After all, it's an overdress so I didn't want it to be super-tight anyway.

I'm also a bit worried that the neckline in the back is too low and that it might cause the sleeves to slide down, but I didn't experience that while trying the dress on even with another beneath. So I think it will be fine.


I have some things left to do, I have a few seams left to flat-fell and also hem the dress in the bottom. But that's quite boring so I think I'm gonna take a small pause, hehe, since I'm going to my mum's house over midsummer anyway. There I'm thinking about making wool mittens! :D Won't be so difficult or take that long, I think :)


Bye for now!

Buttons on! With guide.

Squeee! Now all the buttons and holes are in the front opening! Attaching all the buttons took probably two hours or so, and I did it in front of the second season of "Parks and recreation" ;P

I learned how to make the buttons from a very nice and helpful girl in my local SCA group, which I'm happy about!



Making all the holes took about 3 hours and I did that watching a movie. I was really nervous because once you cut the slize through all the three layers of fabric there is no turning back - and very little chance to cover up a mistake. However, everything went just fine! I secured the edges of the holes with tiny tiny "blanket stitches". I deliberately made the holes a bit too narrow to prevent the buttons from jumping out.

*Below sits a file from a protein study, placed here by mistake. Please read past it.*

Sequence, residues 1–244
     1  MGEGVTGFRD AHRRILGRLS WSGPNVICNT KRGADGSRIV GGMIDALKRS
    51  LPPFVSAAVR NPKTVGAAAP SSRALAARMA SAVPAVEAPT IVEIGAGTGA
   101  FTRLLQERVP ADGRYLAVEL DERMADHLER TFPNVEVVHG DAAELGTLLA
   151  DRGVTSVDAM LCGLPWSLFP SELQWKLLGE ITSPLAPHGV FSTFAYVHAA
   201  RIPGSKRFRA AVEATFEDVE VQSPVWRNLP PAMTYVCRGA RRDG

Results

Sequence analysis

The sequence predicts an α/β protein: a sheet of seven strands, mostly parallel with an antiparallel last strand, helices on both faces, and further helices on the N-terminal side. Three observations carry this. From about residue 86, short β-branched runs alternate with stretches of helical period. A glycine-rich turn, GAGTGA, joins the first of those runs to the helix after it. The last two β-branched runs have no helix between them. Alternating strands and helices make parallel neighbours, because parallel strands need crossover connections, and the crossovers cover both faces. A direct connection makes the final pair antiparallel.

The outside (it looks messier on this over-exposed photo than in real life) and the not very pretty inside.

The holes are quite stiff and feel really safe, although I admit it doesn't look that way :)


Trying the dress on, I'm over all pleased. It is not milimeter perfection we're talking about but it looks pretty, genuine and nice just like hand sewn things should look :)


I drew a little guide for making wool buttons, I hope it makes sense... I never thought any of the guides and tutorials made ANY sense at all before I learned how to make them myself. It sounds and looks harder than it is, but it's actually really easy once you've mastered (well...) the technique!


Showing it off a bit

As you can see everything is done except for sleeves, buttons & holes and a few more things.

Now I will be making buttons, buttons and more buttons!



Front opening and flattened seams

Haven't made huge much progress since the last post, but I have some more photos now.